To reduce our stormwater runoff and the pollution entering the Chesapeake Bay, as well as to create a healthier and more sustainable environment, the Conservancy’s Urban Greening Program encourages property owners throughout Lancaster County to consider conservation landscaping as an alternative to lawns and hardscapes.
What is Conservation Landscaping?
Conservation landscaping is a type of landscape management that utilizes native plants to create gardens that reduce runoff, prevent air and water pollution, and preserve natural resources, all while beautifying our yards and neighborhoods. Native plants are used because they are more disease, pest, and drought resistant and better adapted to local soils. This allows for a reduction of fertilizer, herbicide, and pesticide application, benefiting wildlife and attracting pollinators. Earthworms and soil microorganisms also benefit, improving soil quality.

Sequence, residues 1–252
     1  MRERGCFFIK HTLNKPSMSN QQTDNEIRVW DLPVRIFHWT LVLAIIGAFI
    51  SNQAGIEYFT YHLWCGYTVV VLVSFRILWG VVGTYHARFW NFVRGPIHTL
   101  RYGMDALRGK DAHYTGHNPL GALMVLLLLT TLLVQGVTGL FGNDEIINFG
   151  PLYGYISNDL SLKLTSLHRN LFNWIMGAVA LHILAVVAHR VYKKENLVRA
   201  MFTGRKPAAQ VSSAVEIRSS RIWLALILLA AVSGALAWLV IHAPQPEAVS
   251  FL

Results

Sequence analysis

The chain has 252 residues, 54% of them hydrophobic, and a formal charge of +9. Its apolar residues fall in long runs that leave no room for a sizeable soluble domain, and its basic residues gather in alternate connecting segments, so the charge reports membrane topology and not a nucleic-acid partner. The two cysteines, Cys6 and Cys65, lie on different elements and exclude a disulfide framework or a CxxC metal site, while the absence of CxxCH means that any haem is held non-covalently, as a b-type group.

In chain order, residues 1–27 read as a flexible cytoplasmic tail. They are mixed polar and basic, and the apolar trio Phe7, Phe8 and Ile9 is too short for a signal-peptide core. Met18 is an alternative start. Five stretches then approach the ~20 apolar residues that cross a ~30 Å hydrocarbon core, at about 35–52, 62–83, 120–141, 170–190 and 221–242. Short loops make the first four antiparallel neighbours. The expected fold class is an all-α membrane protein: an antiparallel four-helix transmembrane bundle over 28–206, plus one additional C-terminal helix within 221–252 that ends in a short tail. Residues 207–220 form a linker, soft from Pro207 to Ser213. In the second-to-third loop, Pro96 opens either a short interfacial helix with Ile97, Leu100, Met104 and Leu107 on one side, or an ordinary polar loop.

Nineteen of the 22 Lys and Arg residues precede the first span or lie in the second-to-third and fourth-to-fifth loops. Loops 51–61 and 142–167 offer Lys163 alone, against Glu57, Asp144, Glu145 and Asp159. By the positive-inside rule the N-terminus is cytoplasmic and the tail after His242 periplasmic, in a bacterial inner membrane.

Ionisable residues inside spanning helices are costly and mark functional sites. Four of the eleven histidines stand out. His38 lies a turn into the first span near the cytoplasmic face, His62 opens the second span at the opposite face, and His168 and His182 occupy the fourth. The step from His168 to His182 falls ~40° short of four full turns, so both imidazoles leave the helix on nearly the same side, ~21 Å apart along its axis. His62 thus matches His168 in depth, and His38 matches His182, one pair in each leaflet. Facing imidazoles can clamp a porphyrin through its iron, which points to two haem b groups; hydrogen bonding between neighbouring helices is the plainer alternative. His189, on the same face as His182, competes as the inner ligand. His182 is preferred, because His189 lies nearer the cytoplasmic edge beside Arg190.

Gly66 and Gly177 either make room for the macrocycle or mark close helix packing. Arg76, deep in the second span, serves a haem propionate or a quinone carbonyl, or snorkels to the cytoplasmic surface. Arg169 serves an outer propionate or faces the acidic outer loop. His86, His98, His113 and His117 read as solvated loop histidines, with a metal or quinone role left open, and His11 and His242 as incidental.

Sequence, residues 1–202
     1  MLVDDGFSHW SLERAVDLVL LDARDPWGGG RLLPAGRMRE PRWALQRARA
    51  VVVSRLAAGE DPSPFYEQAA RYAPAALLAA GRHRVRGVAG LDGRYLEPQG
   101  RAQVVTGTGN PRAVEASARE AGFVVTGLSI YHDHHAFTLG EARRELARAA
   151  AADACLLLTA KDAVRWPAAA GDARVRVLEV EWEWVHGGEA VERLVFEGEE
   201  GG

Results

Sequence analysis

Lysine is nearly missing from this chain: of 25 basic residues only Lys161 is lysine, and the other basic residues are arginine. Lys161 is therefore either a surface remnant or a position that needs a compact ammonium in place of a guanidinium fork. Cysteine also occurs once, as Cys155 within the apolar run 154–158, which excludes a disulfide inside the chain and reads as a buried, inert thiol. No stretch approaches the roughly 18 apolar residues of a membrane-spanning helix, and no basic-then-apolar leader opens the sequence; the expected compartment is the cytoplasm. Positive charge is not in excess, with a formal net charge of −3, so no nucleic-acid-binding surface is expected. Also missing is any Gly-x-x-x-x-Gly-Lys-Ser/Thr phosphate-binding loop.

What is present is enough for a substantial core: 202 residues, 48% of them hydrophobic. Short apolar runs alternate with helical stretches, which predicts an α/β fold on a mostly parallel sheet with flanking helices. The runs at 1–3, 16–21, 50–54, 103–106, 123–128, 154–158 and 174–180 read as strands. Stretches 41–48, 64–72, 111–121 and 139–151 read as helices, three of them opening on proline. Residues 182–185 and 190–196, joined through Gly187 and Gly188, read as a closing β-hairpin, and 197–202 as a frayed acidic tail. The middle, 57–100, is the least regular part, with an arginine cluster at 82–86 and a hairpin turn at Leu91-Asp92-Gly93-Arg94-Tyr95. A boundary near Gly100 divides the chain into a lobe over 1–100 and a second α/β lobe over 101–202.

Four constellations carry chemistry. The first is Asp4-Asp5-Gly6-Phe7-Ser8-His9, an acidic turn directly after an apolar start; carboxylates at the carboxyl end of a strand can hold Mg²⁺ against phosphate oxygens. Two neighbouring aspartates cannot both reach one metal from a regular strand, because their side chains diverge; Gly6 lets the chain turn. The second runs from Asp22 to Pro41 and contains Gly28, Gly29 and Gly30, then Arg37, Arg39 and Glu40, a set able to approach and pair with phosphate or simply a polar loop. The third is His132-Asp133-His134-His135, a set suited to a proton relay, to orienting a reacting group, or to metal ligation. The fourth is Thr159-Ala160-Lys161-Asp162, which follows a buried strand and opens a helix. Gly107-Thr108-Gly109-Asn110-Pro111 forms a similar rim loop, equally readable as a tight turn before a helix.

Conservation Landscaping Reduces:
- Time and money spent on yard maintenance
- Gas use for mowing
- Building heating/cooling costs
- Fertilizer and pesticide/herbicide application
- Soil erosion
- Water use – According the U.S. EPA, “the typical suburban lawn consumes 10,000 gallons of water above and beyond rainwater each year.”
Consider Installing a Rain garden
A rain garden is a shallow landscaped area that can retain and filter several inches of water. During installation, some of the existing soil is removed and replaced with a sandy soil mix.
Build Your Own Rain Garden – Chesapeake Bay Foundation
Rain Garden Handbook for Western Washington State
Blue Water Baltimore
U.S. EPA – Greenscaping: The Easy Way to a Greener, Healthier Yard
Riparian Buffer Information
For more information, please call 717-392-7891 ext. 207 or email email@example.com.